Those “fundamental changes” have a few obvious possibilities. The House could pass a CR that includes just a medical device tax repeal, or an individual-mandate delay. Or, as National Review‘s Robert Costa reported on Saturday, it could include a version of the Vitter amendment, which wouldeliminate health care subsidies for members of Congress, their staff, and members of the executive branch.
Right now, it’s hard to see how a House CR that includes any of these provisions could hold off a government shutdown. The Senate and White House are virtually sure to refuse a CR that includes an individual mandate delay, and a medical device tax repeal—which would cost $29 billion over a decade according to the Congressional Budget Office—could be a tough climb there as well.
It’s not even clear that these “fundamental changes” would be able to get through the House, as powerful conservative groups like Heritage Action are already coming out and saying that they wouldn’t support something like a medical device tax repeal, as it would “do nothing to prevent the law’s entitlements from taking root and continues funding Obamacare in its entirety.”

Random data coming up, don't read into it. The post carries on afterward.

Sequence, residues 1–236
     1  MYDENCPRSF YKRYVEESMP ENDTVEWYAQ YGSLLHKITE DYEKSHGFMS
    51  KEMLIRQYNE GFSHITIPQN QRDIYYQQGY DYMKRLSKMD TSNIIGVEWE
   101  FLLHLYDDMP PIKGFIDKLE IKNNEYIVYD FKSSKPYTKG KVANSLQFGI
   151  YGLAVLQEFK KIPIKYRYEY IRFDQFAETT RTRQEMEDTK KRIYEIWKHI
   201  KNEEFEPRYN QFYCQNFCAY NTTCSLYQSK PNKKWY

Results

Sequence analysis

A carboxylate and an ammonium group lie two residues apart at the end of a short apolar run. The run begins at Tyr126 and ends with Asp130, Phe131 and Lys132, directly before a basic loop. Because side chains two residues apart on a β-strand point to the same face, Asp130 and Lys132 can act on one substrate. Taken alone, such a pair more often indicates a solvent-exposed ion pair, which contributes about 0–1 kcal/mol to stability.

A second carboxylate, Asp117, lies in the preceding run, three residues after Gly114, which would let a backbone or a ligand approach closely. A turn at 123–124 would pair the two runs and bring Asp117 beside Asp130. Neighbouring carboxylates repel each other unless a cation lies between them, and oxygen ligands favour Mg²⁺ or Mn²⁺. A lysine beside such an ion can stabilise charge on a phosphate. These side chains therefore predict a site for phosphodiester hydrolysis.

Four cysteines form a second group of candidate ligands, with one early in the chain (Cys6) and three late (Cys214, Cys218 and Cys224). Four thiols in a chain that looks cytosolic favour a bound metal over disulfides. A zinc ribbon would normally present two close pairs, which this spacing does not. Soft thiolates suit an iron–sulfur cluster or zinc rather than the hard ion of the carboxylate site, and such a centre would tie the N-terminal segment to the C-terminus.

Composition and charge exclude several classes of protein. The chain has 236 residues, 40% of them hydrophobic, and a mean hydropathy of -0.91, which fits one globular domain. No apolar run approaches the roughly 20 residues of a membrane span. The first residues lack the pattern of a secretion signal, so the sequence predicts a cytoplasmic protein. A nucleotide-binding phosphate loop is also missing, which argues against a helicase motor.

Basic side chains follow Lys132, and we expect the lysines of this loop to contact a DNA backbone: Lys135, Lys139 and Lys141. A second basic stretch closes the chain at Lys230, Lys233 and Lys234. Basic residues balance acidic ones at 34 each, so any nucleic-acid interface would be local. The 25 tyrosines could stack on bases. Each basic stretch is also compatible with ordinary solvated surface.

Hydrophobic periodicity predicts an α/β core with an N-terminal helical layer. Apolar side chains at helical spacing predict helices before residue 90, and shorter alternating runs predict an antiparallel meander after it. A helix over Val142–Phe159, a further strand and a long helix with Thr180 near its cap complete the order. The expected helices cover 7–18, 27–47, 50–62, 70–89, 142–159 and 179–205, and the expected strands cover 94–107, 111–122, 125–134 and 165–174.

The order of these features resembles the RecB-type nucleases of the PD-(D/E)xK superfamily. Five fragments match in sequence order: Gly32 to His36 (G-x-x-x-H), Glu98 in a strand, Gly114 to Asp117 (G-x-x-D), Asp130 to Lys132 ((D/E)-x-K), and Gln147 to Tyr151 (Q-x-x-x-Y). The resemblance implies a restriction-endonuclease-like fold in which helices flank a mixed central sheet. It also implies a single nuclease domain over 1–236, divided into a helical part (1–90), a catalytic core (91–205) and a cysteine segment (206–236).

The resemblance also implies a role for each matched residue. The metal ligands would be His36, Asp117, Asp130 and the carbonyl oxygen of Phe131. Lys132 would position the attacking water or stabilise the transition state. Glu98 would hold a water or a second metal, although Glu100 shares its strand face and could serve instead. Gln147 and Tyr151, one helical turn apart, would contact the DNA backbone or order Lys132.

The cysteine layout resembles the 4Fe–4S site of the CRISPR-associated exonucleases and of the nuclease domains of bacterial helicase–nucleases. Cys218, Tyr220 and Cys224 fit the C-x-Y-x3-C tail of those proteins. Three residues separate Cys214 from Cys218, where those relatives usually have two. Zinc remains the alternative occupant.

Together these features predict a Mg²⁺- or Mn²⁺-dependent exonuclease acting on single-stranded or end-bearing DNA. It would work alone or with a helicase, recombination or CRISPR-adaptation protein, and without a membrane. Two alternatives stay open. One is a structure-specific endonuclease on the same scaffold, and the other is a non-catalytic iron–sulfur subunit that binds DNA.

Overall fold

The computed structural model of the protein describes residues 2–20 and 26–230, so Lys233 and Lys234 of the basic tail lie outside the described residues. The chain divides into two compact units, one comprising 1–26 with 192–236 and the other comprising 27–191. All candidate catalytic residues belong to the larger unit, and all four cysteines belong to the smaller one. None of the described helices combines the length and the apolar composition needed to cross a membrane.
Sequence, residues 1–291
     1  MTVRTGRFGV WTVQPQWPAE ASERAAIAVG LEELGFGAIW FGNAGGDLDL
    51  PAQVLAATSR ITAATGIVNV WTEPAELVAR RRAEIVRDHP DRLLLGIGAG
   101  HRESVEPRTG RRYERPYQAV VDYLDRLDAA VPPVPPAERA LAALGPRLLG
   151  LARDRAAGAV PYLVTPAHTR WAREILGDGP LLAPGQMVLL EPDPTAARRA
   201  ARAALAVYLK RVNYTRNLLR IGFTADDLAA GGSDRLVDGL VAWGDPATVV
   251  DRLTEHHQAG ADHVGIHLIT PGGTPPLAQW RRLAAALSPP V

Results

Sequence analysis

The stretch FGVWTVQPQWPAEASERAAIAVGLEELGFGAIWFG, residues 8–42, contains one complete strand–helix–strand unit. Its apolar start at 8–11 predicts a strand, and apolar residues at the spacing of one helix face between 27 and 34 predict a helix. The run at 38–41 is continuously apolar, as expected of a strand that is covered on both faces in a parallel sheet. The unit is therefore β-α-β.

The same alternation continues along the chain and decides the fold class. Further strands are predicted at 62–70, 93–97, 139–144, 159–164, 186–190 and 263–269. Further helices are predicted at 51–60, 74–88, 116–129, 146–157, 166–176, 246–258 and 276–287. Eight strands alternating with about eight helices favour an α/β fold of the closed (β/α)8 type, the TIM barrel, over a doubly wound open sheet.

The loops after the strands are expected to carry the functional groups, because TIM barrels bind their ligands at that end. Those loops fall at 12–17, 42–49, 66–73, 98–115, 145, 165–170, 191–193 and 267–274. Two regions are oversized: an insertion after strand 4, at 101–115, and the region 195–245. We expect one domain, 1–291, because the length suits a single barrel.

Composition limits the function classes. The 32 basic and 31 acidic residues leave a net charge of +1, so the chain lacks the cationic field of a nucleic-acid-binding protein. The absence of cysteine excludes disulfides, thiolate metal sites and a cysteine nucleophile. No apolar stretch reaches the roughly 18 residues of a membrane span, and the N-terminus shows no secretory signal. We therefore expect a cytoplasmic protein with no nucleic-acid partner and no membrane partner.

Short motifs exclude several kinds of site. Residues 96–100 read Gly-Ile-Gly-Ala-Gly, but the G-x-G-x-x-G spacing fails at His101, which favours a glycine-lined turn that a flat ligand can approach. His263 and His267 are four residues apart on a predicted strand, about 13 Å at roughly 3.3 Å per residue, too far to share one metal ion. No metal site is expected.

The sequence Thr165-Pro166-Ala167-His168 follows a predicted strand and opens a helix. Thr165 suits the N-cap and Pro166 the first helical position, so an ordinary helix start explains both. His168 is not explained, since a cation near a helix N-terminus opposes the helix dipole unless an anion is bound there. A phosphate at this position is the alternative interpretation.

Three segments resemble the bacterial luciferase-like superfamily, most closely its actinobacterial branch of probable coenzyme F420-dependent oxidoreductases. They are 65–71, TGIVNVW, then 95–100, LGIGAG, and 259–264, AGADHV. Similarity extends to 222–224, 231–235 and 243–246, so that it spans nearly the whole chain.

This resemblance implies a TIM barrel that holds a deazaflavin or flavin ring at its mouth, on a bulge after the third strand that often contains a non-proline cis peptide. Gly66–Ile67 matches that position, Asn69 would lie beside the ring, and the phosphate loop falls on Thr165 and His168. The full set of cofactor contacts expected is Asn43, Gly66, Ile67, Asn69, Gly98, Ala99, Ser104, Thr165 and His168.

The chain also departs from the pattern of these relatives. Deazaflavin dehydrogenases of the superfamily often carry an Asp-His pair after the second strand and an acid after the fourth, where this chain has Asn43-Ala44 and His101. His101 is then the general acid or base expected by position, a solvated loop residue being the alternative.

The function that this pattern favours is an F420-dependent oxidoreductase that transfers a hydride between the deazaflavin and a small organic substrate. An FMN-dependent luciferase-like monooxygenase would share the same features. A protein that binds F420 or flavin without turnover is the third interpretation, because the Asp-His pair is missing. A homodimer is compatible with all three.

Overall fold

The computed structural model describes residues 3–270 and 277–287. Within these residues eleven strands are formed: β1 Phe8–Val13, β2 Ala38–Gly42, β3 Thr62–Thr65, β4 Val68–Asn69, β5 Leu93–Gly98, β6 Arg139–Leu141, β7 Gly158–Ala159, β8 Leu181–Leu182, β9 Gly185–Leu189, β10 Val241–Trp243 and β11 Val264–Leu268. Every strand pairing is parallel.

The bigger point, I think, is that the GOP is basically slowly backing away from the hardline position represented by people like Ted Cruz. Long before we got to this point, they House voted some 40-50 times to repeal Obamacare in whole or in part. Not surprisingly, those efforts went nowhere in the Senate, most not even getting a vote and the ones that did come up being voted down by a united Democratic majority. In 2012, they campaigned on the idea of repealing the law, not an inadvisable strategy given the fact that polling both then and new shows that the public remains intensely negative about the law even as we begin to approach the time when it will start to go into effect. The voters, of course, decided to vote for the candidate who supports the PPACA, not the candidate who opposed it and advocated repealing it.
Now, let’s look at what happened over the past several months.